Research

EarthTalks series discusses future of nuclear fission for electricity generation

Amanda Johnsen, Bryant Early Career Assistant Professor in the Ken and Mary Alice Lindquist Department of Nuclear Engineering at Penn State, will discuss the future of nuclear fission for the electric grid on March 8, 2021. Credit: Bernd Haupt / PixabayAll Rights Reserved.

UNIVERSITY PARK, Pa. — The shift to a carbon-free energy system focuses on renewables like wind and solar. What role does nuclear energy have in the future of electricity generation? Amanda Johnsen, Bryant Early Career Assistant Professor in the Ken and Mary Alice Lindquist Department of Nuclear Engineering at Penn State, will discuss the future of nuclear fission for the electric grid at 4 p.m. Monday, March 8. The talk, which is free and open to the public, will be broadcast via Zoom webinar.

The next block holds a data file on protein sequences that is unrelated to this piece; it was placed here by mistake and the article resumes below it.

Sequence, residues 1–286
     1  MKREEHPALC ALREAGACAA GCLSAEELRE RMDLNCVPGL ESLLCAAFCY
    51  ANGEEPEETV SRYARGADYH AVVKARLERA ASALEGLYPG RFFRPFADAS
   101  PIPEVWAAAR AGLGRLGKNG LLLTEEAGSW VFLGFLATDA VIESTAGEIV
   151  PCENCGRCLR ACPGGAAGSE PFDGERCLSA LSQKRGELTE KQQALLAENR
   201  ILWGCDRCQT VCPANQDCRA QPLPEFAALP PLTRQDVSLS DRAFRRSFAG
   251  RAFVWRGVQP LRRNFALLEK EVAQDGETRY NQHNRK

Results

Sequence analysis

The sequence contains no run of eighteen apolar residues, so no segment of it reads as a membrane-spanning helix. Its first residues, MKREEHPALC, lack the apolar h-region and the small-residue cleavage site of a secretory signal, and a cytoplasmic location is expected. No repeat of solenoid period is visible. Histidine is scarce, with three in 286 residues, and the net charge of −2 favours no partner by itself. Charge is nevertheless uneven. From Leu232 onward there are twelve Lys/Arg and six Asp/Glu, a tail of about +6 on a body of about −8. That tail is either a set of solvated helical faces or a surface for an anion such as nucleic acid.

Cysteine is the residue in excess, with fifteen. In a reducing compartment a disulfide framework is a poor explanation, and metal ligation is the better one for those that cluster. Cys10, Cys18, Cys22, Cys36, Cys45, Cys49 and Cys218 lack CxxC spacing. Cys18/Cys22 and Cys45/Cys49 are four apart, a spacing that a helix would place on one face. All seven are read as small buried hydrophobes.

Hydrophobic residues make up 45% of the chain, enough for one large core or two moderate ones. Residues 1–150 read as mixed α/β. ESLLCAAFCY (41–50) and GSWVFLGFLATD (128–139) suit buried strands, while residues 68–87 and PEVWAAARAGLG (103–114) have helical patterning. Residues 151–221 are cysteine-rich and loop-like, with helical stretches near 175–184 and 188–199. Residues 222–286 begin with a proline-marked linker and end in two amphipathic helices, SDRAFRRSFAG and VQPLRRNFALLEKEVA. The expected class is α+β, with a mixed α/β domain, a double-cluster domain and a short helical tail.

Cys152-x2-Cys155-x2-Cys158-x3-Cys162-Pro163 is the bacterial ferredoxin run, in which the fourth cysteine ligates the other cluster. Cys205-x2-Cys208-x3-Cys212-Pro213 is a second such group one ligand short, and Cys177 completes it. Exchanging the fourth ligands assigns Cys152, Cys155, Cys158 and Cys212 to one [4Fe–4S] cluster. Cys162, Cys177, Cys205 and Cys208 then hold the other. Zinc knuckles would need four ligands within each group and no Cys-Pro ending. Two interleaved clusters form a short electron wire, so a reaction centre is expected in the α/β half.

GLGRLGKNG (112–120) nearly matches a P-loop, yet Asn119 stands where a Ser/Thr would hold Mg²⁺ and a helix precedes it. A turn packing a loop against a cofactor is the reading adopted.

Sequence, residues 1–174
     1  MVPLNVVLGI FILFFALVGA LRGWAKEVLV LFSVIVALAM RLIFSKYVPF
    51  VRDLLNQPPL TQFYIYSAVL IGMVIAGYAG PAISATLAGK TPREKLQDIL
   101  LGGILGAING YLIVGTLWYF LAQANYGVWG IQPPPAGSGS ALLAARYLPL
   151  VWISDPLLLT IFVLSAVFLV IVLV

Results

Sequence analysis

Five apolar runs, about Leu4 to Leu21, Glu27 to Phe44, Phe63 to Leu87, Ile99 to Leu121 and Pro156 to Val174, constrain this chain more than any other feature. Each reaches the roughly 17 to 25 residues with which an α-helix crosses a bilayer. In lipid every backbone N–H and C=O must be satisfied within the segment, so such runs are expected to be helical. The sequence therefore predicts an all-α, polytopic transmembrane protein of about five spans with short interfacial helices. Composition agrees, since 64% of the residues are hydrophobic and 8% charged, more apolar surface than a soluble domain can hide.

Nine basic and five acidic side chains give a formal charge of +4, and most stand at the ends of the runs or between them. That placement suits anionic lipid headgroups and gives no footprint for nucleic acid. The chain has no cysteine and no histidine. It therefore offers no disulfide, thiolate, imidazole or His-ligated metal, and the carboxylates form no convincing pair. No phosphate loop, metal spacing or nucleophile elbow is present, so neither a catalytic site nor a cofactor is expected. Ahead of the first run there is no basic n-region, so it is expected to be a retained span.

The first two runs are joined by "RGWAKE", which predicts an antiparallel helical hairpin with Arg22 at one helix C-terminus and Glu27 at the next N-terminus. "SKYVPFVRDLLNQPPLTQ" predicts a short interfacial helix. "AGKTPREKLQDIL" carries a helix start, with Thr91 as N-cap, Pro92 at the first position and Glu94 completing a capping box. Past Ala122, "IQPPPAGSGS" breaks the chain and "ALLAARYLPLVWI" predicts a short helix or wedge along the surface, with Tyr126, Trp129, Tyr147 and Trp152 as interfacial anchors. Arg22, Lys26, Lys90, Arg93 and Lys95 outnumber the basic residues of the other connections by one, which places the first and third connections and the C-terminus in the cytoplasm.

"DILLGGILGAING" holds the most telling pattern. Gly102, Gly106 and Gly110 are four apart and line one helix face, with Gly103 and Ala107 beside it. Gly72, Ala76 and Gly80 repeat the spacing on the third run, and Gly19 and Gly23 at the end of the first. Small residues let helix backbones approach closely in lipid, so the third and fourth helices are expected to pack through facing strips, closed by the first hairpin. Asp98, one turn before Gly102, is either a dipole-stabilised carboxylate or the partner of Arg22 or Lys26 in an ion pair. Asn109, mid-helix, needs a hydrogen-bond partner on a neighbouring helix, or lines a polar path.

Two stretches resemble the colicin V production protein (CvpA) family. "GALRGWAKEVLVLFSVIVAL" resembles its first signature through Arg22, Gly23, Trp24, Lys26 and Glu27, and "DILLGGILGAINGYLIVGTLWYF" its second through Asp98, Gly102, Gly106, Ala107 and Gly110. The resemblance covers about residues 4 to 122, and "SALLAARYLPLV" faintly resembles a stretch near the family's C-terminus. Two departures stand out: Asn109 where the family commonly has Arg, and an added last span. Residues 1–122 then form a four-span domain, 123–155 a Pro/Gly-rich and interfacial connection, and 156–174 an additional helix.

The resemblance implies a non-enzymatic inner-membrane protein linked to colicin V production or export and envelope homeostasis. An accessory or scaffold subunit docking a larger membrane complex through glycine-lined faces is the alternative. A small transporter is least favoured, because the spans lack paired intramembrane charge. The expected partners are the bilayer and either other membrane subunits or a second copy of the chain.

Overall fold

Johnsen specializes in radiochemistry and advanced radiological engineering. Before joining the Ken and Mary Alice Lindquist Department of Nuclear Engineering, she was a research associate and assistant research professor at Penn State’s Radiation Science and Engineering Center. She received her bachelor’s degree in nuclear engineering from the Massachusetts Institute of Technology and her doctoral degree in nuclear engineering from the University of California, Berkeley.

Johnsen’s talk is part of the spring 2021 EarthTalks series, “Energy and climate policy: How to avoid a global hothouse.” The series focuses on policies and technology that could help slow down global warming and addresses topics such as carbon taxes, renewable energy subsidies and the feasibility of carbon sequestration. For more information about the spring 2021 series, visit the EarthTalks website.

Last Updated March 09, 2021